Nothing speaks to political power like commanding an empire worth billions. Congressional leaders are powerful, but sooner or later they have to answer to the people. The heads of Cabinet departments don’t have to worry about that. Even if they get invited to a Capitol Hill dog and pony show to explain failures, cover ups, or the waste of taxpayer money, they know that the person they answer to is the president (see: Cabinet Members Should Be Held Accountable). What keeps President Obama happy? Campaigning.
For Cabinet members, political power means campaigning.
Can you guess which Cabinet secretary said this?
The American people deserve leadership that focuses on growing the economy — not holding it hostage. Let’s keep our eye on the ball by passing immigration reform, which has bipartisan support and would inject a trillion dollars into the economy, and investing in infrastructure upgrades that would create thousands of middle class jobs right now.1
How about this:
However, this is only a temporary stop-gap as many millions of undocumented immigrants are still left in an unstable place within the economy. Congress must get past its dysfunction and act on comprehensive immigration reform to fix our broken system. President Obama is going to continue to fight for that because it’s the right thing to do for our economy, our security, and our nation’s families.2
One leads the Department of Labor. He should be focused on why so many Americans aren’t going back to work. The other oversees the Department of Education and is responsible for doling out billions in school funding and grants. Neither have anything to do with securing our borders or administering our immigration laws. Both are tireless Obama campaigners.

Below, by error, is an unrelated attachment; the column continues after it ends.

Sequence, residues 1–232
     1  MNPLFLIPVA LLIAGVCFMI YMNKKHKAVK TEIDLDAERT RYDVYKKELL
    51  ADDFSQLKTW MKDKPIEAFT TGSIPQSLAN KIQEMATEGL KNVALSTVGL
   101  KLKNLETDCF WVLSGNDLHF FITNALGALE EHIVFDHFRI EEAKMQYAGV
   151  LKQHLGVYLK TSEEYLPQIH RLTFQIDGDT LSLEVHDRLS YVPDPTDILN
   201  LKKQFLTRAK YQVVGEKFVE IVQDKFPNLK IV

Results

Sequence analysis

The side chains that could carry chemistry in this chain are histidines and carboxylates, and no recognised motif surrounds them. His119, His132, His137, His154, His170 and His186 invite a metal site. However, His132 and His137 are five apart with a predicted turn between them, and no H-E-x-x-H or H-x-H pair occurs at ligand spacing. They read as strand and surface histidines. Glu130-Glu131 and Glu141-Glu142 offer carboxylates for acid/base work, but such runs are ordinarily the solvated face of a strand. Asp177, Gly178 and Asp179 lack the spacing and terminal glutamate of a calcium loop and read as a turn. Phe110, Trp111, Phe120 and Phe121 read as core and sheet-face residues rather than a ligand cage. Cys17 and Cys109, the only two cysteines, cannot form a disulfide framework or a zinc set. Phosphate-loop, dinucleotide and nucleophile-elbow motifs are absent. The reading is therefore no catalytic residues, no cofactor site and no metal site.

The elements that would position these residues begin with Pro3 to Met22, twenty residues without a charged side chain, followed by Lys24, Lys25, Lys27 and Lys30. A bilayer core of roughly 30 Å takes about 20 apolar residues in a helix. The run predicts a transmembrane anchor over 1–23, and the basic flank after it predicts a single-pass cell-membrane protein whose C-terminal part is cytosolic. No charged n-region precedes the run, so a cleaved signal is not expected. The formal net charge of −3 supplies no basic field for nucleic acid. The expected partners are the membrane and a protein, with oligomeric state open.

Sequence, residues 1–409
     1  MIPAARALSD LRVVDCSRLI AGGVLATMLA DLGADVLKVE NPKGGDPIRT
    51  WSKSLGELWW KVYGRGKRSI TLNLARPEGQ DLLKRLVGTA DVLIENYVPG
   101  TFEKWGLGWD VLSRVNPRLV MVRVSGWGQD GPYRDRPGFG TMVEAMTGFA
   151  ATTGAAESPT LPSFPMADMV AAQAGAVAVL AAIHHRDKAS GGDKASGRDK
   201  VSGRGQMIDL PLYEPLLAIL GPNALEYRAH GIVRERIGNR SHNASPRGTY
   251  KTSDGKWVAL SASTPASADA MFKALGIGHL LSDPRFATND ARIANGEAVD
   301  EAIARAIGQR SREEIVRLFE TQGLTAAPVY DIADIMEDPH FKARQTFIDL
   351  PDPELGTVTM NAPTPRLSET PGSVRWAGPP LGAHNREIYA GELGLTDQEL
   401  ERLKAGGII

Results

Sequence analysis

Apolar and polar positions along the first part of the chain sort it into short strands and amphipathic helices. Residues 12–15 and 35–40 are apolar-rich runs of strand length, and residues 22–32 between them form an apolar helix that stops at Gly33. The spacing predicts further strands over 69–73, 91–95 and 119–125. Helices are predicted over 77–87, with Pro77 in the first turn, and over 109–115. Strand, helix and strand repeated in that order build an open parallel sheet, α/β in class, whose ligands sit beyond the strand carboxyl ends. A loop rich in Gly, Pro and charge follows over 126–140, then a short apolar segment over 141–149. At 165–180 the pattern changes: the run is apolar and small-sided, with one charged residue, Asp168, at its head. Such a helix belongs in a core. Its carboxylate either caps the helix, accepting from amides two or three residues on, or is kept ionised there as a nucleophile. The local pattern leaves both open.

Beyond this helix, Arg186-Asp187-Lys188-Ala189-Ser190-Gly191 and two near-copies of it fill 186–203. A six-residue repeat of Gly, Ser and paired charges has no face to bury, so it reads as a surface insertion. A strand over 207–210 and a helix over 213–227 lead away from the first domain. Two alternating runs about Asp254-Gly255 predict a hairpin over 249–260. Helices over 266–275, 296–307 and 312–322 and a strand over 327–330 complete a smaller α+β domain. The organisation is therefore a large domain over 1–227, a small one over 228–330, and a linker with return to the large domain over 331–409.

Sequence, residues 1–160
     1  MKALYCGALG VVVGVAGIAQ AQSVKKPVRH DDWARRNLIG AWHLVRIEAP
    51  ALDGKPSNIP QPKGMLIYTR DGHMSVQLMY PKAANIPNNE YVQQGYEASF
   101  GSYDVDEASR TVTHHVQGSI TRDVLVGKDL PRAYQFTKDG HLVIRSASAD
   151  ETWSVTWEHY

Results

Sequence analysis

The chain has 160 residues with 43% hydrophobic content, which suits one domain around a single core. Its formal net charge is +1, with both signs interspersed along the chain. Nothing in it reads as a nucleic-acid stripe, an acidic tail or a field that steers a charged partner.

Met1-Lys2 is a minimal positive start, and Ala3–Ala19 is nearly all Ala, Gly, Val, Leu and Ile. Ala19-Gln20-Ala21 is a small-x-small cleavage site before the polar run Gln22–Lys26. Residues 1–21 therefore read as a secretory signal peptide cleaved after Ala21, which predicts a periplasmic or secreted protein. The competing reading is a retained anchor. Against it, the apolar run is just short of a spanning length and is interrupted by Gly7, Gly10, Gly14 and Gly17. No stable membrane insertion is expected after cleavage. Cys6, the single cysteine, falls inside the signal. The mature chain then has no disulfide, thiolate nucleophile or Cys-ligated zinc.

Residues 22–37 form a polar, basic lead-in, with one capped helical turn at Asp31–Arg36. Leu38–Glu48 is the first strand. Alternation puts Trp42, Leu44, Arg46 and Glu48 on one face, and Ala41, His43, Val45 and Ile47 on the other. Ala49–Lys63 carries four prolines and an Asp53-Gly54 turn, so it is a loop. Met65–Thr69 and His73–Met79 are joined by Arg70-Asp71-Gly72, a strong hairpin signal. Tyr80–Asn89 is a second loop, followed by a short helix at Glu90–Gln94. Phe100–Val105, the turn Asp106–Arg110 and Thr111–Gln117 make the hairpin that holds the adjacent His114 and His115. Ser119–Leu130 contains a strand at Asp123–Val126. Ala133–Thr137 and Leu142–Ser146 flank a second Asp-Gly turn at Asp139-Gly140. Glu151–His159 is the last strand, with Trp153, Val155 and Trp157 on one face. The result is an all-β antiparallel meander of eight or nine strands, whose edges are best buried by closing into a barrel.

Axing Cabinet departments solves the wrong problem.
With the urgency of dealing with Washington’s spending crisis deferred until next year, a new Congressional Budget Office report looks at ways to slash government spending. Included in several hundred pages of ideas is getting rid of Cabinet departments. Is this the right solution, or do we need to look harder at Cabinet secretaries?
Our Health and Human Services secretary oversees an $848 billion empire.3 When the time came to deliver for taxpayers she had three years to figure out how to get a website up and running. All that money didn’t make a difference. What came first was making the president look good with lots of Obamacare propaganda to cover for the out of the gate failure.
Arne Duncan’s department is a favorite target when we talk about saving federal money. The CBO pointed out:
The Departments of Commerce, Education, and Energy are among those most frequently mentioned in comments about eliminating Cabinet departments.4
Even Duncan admits in his defense of Common Core Standards that states have stepped up to the plate when it comes to improving education, so what do we need an education secretary for? Congress can pass aid for schools and account to voters for what they approve. When money is short we don’t need a highly paid government official haranguing taxpayers about why they should pay six-figure teacher salaries (see: Will Taxpayers Support Raising Teacher Salaries 165%?).
Holder defines a post too furious, too powerful, and too partisan.
Eric Holder does not command the tax dollars enjoyed by Health and Human Services’ Sebelius, but he may wield the biggest partisan club in the Obama administration. From voting rights to immigration laws Holder has exemplified Cabinet level partisan policymaking and has held on to power despite his gun-running scandal.
The CBO is barking up the right tree when it talks about whacking spendthrift departments we can do without, but how do we curtail the power of Cabinet secretaries whose only accountability to the people is through the president? The president can hire all the advisers he wants. When it comes to handling our money campaign promises and reelection plans should not determine where the buck stops. Only Congress should draw that line. We are still waiting for lawmakers to summon the courage to accept that responsibility and hold Cabinet members accountable.
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